Follow Dr. Ian on Instagram: @doctoriansmith

Twitter: @DrIanSmith

Facebook Page: The Ancient Nine

Blog Tour: Ribbons In Her Hair by Colette McCormick

Goodreads|Amazon

Release date: August 23, 2018

Publisher: Accent Press

Blurb:

Jean seems the perfect wife and mother but she struggles to love her daughters whose material comforts mask emotional neglect.

When the youngest daughter, Susan, brings ‘shame’ on the family, Jean can think of only one response. She has to make the problem disappear. Finding the strength to stand up to her mother for the first time in her life, Susan does the only thing that she can to save her baby. What Susan doesn’t realise is that her mother’s emotional distance hides a dark secret of her own.

Examining the divide between generations, between mothers and daughters, this emotionally charged novel asks whether we can ever truly understand another, however close our ties.

Welcome to my stop on the blog tour for Ribbons In Her Hair! I have a guest post from the author to share today.

Guest Post:

The inspiration to write ‘Ribbons in Her Hair’ came from a conversation.

I saw a little girl with her hair tied up in a red ribbon and commented to the person that I was with that I remembered when I used to have ribbons in my hair. I said something like, ‘Those were the days.’ My companion, and I don’t want to say anything that might identify them, told me sadly that they’d had never had a ribbon in their hair.

That statement stayed with me and I thought about a little girl who had never had a ribbon in her hair. For me, that simple act represented a bond and I can still remember sitting on a chair as my mother brushed and dressed my hair. In my head, the little girl without the ribbons, became someone who didn’t know what it was like to feel a mother’s love.

I called the girl Susan and she had a story to tell.

I tried to imagine what it would be like to be in a family where your mother doesn’t seem to care if you exist. How would she feel? How might she behave? Then, I started to think about Susan’s mother. I have children of my own and the idea of not hugging them and showing my love for them is very strange to me and I wondered what would make Jean (Susan’s mother) behave the way that she did.

I decided that we needed to hear her side of the story too.

It has been said that my book is about the shame of being an unmarried mother and I suppose that to a certain extent it is, especially in Jean’s case, but for me it’s more about two women who are trying to do the best for their unborn child. They both need to decide whose needs have to be put first. Is it their own or their child’s? The decision they make will shape their adult life and they will both have to live with it and its consequences.

Because of the way that she treated her children I didn’t want to like Jean but when I discovered more about her story I started to sympathise with her. She is as much a product of her upbringing as Susan. She made the only choice she could and when history repeats itself she can only see one way out for her daughter. Is that her fault or society’s?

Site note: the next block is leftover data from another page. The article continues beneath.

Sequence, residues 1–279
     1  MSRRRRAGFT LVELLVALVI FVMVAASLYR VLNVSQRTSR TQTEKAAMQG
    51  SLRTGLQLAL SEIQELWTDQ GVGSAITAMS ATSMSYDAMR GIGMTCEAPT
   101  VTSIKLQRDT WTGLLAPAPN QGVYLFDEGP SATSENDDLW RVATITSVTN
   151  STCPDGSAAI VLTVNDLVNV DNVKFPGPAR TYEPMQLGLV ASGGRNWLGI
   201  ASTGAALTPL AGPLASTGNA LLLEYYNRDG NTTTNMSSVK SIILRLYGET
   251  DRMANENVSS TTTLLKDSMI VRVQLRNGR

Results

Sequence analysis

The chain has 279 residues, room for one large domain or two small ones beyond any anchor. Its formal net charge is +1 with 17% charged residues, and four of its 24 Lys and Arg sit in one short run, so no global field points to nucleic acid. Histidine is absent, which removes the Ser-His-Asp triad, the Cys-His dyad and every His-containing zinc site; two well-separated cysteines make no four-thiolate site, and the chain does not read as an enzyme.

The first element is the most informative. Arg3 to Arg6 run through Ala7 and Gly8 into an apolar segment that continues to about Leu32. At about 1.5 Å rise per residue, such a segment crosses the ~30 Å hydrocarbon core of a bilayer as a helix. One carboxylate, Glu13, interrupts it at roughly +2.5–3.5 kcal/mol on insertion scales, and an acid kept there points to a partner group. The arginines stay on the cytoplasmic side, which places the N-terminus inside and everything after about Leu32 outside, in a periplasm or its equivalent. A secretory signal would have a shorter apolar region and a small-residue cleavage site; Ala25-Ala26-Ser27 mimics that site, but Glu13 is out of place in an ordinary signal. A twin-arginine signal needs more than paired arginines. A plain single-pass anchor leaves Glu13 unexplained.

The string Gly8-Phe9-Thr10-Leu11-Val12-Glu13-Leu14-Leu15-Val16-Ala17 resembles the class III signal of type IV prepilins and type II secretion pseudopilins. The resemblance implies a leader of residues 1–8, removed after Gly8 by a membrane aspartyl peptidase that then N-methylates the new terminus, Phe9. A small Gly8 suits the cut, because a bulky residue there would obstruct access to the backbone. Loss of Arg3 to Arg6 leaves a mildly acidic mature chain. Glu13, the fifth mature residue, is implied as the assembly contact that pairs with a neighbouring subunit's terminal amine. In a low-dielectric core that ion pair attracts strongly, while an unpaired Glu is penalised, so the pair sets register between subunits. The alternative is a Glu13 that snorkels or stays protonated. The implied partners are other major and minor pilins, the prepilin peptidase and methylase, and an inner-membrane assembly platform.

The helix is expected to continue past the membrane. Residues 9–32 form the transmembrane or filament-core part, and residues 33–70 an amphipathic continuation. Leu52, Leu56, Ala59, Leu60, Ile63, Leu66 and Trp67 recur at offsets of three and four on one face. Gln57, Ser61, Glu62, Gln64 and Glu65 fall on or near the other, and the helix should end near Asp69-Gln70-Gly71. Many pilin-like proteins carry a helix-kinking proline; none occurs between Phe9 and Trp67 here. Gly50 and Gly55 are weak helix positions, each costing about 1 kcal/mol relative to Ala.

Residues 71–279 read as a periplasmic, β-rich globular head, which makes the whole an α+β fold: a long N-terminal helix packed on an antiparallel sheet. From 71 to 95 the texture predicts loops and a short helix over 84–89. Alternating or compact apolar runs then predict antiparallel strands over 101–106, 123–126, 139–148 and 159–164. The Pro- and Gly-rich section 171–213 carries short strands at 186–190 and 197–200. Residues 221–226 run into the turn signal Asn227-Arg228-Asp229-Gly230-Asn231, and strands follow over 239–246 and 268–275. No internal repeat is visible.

I tried to show that behind closed doors things are not always as they appear to those on the outside and that even families have secrets from each other.

Review: The Long Revenge by Andrew Barrett @AndrewBarrettUK @Bloodhoundbook

Amazon

Release date: August 15, 2018

Publisher: Bloodhound

Genre: Mystery/Thriller

Blurb:

They say you can always trust a policeman. They are lying.

They lied thirty years ago and they are still lying today.

When a booby-trapped body is discovered in a long-abandoned chapel, CSI Eddie Collins and his team are called to investigate. But when the scene examination goes horribly wrong, Eddie and DI Benson are injured and one of the team killed.

Heartbroken by the death, Eddie is also guilt-ridden. But more than that he is angry. Very angry.

Eddie will stop at nothing to bring the guilty to justice, and will teach them that even when served cold, revenge is a killer dish.  

I’m thrilled to be one of the stops on the blog tour for The Long Revenge today!

Review:

This was my first introduction to Barrett’s work though it’s the fourth book in his Eddie Collins series. I wasn’t bothered by this and never felt like I was missing out on any pertinent information, but I have added the first three books to my ever growing TBR.

Eddie Collins is not a detective like the protagonist in most crime novels, he’s a CSI. I loved this, it made for a really unique and fresh point of view to see things from that perspective instead of a cops perspective. That type of stuff has always been interesting to me and couple that with a character like Collins? Well you’ve got quite a set up. He’s a cheeky guy and very sarcastic, which I adore because sarcasm is my first language. I didn’t always agree with him but I always found him highly entertaining and I especially liked any scenes between him and his father Charles.

The case Collins is working is a series of historical murders which is one of my favorite storylines in crime fiction. I always think the killer must be pretty smug after thirty years have passed and they’re still flying under the radar, until something or someone unearths their darkerst secret.

The pacing was pretty mild to start (but never boring) but the tension was slowly mounting and by the last quarter of the book things really ramped up.Eddie being a CSI means that the reader gets a graphic look at how this profession works and there is also abuse and some violence, but as most of you know by now that doesn’t bother me. Barrett uses some great dark humor that balances out the heavy stuff which I always appreciate and wonderfully lightens the mood just when you need it the most.

Overall rating: 4/5

Thanks to the publisher for my review copy.